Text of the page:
side oiler - March 29, 2013 8:31 am
    Too many idiots on cell phones or texting cause too many accidents,so speed is a factor when the dumbos won't pay attention. People are just asinine behind the wheel anymore.
  11. DK
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    DK - March 29, 2013 8:21 am
    The stretches of highway mentioned need slower speed limits. The fat cats in Cheyenne, are out of touch. A little common sense, wildlife traffic is heavy in those areas. Some are very scenic. Slow down and enjoy the view and maybe save a deer or elk. WyDot knows what they are doing. How about consulting the Highway Patrol. Those guys know the roads and will probably back up what WyDot says. Another issue, how about the wind river canyon? How many deaths attributed to high speed during poor road conditions. WyDot needs to slow them down there. How about flashing signs at each of the canyon, conditions bad, slow the idiots down. The North Fork Highway, I think it is 55mph, plenty fast for that area. No one pays attention to it, especially tourists. And very little enforcement from the HP. I often think there is some pressure from higher ups for the HP to look the other way. I actually think the HP needs to step up enforcement on the North Fork, and slow people down. And if the tourists don't like it, then don't come . Out of state Speeders show a total disrespect for our laws and our state.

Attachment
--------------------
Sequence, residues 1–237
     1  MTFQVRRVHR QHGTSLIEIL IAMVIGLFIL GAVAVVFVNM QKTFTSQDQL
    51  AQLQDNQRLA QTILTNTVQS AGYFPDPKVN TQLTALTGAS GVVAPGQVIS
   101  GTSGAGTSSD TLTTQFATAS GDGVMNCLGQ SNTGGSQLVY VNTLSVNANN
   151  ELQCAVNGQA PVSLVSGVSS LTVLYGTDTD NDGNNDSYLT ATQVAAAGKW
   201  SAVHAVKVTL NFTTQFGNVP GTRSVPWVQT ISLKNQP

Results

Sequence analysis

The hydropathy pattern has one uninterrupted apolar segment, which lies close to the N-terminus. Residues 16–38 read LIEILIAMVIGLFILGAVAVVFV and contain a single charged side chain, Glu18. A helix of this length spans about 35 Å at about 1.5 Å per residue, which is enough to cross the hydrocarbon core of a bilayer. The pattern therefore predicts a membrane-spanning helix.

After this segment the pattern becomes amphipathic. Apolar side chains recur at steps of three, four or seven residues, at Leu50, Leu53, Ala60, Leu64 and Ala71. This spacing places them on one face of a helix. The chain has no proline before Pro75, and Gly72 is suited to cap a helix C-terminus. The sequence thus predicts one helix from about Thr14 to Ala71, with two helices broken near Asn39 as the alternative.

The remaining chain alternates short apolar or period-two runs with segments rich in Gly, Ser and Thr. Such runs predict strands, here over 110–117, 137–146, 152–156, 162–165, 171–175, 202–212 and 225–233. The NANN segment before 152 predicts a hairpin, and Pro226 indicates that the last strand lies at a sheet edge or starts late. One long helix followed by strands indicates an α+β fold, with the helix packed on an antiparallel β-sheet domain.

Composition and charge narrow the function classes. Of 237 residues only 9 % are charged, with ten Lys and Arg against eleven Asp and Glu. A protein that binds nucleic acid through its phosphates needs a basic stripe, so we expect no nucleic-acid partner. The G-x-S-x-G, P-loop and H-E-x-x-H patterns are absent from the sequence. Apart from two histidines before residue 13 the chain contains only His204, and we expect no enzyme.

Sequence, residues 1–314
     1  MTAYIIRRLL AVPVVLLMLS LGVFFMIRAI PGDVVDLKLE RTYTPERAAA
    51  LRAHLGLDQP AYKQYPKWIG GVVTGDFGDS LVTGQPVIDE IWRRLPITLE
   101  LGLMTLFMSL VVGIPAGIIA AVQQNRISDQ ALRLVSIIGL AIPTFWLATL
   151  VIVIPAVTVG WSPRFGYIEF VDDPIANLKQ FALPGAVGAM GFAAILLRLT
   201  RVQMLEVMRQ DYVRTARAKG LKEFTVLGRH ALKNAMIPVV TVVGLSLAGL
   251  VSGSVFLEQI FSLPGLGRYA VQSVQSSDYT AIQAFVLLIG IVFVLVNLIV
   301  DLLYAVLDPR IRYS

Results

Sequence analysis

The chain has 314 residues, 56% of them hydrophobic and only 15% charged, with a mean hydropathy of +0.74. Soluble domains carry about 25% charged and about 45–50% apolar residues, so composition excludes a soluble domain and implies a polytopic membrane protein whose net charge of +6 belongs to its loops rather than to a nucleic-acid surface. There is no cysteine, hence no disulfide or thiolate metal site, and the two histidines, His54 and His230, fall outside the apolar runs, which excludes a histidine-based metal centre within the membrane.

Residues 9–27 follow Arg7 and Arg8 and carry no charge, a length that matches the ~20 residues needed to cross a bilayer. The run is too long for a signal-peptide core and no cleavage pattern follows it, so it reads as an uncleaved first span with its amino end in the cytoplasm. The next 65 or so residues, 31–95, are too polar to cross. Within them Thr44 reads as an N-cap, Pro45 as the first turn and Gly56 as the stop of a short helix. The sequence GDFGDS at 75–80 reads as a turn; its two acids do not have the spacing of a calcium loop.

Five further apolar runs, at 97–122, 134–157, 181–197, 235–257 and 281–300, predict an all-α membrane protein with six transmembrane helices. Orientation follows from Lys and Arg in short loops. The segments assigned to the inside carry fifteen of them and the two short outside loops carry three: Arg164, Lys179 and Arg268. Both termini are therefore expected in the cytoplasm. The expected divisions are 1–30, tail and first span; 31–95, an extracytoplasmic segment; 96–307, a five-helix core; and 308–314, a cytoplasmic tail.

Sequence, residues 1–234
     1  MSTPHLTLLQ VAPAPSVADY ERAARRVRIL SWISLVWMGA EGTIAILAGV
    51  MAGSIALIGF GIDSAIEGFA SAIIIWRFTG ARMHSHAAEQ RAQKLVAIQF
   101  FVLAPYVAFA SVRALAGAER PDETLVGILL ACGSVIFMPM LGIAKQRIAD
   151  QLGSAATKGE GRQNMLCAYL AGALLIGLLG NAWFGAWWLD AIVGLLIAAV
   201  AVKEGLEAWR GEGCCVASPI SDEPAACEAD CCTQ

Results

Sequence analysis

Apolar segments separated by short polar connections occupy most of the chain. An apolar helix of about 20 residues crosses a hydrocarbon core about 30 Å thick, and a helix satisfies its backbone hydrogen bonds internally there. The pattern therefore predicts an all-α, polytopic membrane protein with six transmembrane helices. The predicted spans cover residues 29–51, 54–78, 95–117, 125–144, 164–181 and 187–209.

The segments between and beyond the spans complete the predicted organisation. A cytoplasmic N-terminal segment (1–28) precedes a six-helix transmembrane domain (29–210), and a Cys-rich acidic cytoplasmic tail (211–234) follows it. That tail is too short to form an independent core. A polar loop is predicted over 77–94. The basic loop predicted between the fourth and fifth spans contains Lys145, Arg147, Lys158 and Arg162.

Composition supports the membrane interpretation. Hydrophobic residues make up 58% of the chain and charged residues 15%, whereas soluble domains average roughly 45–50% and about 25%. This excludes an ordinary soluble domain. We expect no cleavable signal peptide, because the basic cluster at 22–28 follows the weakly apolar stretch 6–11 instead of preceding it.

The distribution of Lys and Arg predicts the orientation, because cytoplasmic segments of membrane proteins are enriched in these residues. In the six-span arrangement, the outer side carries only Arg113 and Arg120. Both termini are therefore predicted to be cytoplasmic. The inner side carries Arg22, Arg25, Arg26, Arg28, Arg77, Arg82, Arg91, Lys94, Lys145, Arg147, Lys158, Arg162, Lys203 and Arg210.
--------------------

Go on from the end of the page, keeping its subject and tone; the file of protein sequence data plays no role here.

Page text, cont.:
12. supercalifragilistic
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    supercalifragilistic - March 29, 2013 6:39 am
    Trust me when I say "traffic over U.S. Highway 26/287 on Togwotee Pass can have bumper to bumper traffic", cause it does. WyDOT knows what they're doing if that's all the speed limit is?
    The temptation is 65 tp 70 mph due to a nice highway and getting to the parks but, too many tourists in big tubs going over the pass makes that impassable. Plus the semi-truck traffic just compounds that issue.

    Too bad it wasn't made a "four lane highway" with slower traffic signs posted through out. Then you could post a double speed limit - slower on the right - faster on the left side. Or slower traffic to keep right.
  13. WY Citizens
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    WY Citizens - March 29, 2013 4:52 am
    Again, the Good Ole Boys thinking they know more than those who are the real experts. The legislature seems to be made up of folks providing nothing more than "long distances (of time) of nothing". There are reasons why we have reduced areas of speed - it is for SAFETY - school zones, residential, limited areas of visibility, wildlife, etc. Let's waste more time and MONEY to do another study on studies that have already taken place with others.
  14. Jackalope
    Report Abuse
    Jackalope - March 28, 2013 8:28 pm
    Perhaps, it is the same reason that they put reduced speed notes on curves: to save a life.